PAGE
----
Can UFC Fighters Appeal Bad Decisions? (Overturns Explained)

Are you wondering whether UFC fighters can appeal bad decisions and whether UFC decisions can be overturned?

In this article, we answer those questions and also look at the impact of overturned UFC decisions and 3 of the most interesting cases.

Can UFC Fighters Appeal Bad Decisions?

UFC fighters have the right to appeal decisions they believe are unjust or incorrect, but they need proof of clear rule violations, misapplication of the rules, evidence of collusion or fraud,  or cases of referee errors or mistakes.

However, the appeal process is governed by the Athletic Commission overseeing the event and not the UFC. Each commission has its own rules and procedures for appeals.

To successfully appeal, fighters must present compelling evidence supporting their claim. This could include fight footage, referee and judge statements, and other relevant information.

Simply disagreeing with a judge’s decision or feeling that the decision was unfair isn’t sufficient grounds for an appeal.

The process typically involves filing a formal appeal with the Athletic Commission within a specific timeframe after the fight, often within a few days. 

The commission then reviews the appeal, including a hearing where evidence such as fight footage, referee and judge statements, and other relevant information is presented.

After reviewing the case, the commission makes a decision. They may uphold the original decision or overturn it to the decision they believe is correct.

It’s crucial to note that successful appeals in combat sports are relatively rare, as commissions are generally hesitant to overturn a decision unless there’s clear and compelling evidence of a significant error or wrongdoing.

In summary, while UFC fighters can appeal bad decisions, the success of such appeals largely depends on the ability to provide concrete evidence of rule violations or other significant issues in the judging or officiating of the fight.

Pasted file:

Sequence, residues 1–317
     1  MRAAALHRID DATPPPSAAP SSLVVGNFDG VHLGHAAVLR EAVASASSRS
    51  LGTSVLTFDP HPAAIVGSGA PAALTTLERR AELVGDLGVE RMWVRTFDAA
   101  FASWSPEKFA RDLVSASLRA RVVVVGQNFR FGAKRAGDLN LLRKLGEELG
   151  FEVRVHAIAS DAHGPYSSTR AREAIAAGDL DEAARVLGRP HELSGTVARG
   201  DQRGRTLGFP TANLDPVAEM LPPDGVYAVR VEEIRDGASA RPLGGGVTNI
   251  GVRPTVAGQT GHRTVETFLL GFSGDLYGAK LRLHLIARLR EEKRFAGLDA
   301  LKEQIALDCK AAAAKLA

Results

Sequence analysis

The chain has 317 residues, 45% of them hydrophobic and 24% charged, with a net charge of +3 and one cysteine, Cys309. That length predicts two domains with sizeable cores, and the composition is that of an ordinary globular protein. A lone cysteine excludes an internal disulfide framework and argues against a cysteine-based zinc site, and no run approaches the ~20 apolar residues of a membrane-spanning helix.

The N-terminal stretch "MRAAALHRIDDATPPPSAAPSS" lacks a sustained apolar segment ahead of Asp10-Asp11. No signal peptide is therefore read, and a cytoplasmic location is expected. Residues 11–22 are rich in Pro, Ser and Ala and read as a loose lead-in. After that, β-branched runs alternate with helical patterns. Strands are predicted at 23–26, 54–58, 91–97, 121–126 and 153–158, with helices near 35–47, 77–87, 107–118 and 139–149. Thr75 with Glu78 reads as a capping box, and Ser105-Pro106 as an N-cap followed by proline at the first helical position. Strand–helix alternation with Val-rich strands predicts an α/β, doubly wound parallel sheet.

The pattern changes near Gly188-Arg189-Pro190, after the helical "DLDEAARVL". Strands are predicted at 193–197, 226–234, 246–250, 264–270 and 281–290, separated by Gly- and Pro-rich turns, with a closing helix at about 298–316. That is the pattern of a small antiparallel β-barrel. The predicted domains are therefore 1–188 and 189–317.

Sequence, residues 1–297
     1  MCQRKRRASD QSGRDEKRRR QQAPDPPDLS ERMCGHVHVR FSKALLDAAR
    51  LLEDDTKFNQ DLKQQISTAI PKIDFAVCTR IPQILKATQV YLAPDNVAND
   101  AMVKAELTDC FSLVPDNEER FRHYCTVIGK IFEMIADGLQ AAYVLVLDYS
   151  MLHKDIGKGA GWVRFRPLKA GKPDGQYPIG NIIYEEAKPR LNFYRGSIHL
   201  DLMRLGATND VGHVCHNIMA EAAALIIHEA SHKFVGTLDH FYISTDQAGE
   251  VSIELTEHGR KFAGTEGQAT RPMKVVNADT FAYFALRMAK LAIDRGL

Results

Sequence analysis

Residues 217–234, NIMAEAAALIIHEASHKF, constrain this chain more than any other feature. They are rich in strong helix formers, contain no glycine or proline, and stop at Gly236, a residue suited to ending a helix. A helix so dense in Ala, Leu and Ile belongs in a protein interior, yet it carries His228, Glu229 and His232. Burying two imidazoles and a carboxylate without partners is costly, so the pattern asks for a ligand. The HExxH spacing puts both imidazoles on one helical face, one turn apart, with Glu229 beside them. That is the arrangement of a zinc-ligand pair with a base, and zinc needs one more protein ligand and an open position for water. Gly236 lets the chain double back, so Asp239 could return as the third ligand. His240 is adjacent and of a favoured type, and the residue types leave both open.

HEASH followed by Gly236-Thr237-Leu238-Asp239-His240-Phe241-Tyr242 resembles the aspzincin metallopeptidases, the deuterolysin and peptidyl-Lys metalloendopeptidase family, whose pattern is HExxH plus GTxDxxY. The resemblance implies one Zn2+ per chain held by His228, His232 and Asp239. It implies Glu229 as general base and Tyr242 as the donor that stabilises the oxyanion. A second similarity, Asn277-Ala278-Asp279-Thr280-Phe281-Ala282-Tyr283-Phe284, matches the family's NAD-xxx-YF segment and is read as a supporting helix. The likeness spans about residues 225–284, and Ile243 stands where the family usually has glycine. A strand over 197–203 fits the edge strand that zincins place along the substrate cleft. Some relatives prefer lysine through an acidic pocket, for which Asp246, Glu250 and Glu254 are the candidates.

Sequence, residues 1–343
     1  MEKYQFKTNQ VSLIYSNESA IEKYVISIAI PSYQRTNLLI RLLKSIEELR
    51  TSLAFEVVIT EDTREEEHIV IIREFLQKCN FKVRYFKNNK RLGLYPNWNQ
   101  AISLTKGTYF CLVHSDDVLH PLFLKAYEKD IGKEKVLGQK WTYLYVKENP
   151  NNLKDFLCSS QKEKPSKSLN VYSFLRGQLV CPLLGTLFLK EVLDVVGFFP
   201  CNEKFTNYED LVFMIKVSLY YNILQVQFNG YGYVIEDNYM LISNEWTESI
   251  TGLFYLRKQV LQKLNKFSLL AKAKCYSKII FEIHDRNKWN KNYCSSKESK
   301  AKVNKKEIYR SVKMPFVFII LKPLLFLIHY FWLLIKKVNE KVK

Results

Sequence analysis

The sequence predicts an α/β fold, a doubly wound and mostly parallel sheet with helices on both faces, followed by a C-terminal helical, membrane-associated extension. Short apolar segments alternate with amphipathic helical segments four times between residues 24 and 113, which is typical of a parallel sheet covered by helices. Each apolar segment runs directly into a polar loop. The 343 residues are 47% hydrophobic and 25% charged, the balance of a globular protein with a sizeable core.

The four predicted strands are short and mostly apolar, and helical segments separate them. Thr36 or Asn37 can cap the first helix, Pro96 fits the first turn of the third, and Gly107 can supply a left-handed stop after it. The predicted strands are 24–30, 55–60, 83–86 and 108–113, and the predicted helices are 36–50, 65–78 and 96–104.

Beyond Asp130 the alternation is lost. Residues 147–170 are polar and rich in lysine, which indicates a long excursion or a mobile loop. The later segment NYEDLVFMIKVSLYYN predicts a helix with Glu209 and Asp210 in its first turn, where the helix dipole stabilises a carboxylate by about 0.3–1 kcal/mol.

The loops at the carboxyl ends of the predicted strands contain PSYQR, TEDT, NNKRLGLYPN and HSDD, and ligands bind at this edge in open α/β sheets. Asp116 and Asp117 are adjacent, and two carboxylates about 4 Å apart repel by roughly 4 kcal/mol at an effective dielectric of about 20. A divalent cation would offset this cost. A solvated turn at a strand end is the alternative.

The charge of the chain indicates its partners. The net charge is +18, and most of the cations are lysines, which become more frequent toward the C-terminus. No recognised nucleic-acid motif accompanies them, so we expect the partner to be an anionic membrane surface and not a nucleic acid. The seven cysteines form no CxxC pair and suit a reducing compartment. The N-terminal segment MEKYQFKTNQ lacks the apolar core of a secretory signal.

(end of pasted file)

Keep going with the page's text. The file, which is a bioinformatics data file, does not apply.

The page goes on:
Can UFC Decisions Be Overturned?

Yes, UFC decisions can be overturned, though such instances aren’t common. A decision overturning typically happens under 4 specific circumstances, as regulated by the overseeing Athletic Commission.

Here are the 4 primary reasons that can lead to a UFC decision being overturned:

1. Rule Violations

The most common reason for overturning a decision is a rule violation.

In around 9/10 UFC decisions overturned, it’s due to a fighter being caught for having taken illegal substances such as steroids and/or performance-enhancing drugs.

For instance, Jon Jones’ victory over Daniel Cormier in their rematch at UFC 214 was later changed to a no-contest after Jones tested positive for the steroid Turinabol.

Other uncommon rule violations that typically lead to a UFC decision being overturned are:

  • Testing positive for cannabis
  • Using illegal equipment during a fight – e,g, an inhaler without a TUE
  • The use of illegal strikes that were missed by the referee – however, most times these are caught immediately rather than overturned.

2. Counting Errors

While rare, counting errors by judges can lead to a decision being overturned. This happens when judges’ scores are incorrectly tallied. 

The first fight between Demetrious Johnson and Ian McCall is a notable example, where a counting mistake initially declared Johnson the winner, but was later corrected to a draw.

3. Misdeclaration

If an incorrect decision is announced during or after the fight, it can lead to an overturned result or a correction.

This is incredibly rare, but it has happened. One of the best examples was at UFC 205, where Bruce Buffer announced Tyron Woodley had beaten Stephen Thompson via split decision, despite the scores being 47-47, 47-47, and 48-47.

Quickly, the UFC realized their mistake, and Bruce Buffer corrected the decision to a majority draw.

4. Referee Errors or Mistakes

UFC Decisions can also be overturned due to errors or mistakes made by the referee during the fight. Most often, it’s when a referee ends a fight early as they think the fighter is badly hurt or knocked out, but in actuality they’re fine.

An example of this is the fight between Leandro Silva and Andrew Dober at UFC Fight Night 62, where the referee mistakenly thought Dober had passed out, leading to an incorrect stoppage. 

The Brazilian MMA Athletic Commission later overturned the decision to a no-contest after reviewing the case and acknowledging the referee’s error. The case was successful as the referee also acknowledged his error.

Overall, these examples illustrate that UFC decisions can be overturned under specific circumstances, primarily involving rule violations, counting errors, misdeclarations, and referee mistakes.

The integrity of the sport and the accuracy of its officiating are paramount, and the mechanisms to overturn decisions are in place to uphold these standards.

The Impact of Overturned UFC Decisions

When a UFC decision is overturned, it can have significant and far-reaching impacts on the fighters involved, their careers, and their standings within the sport. 

Here are 9 key consequences:

1. Loss of Titles: If a fighter wins a title and their victory is later overturned, they will be stripped of the title. This affects their standing and alters the championship lineage in their weight class.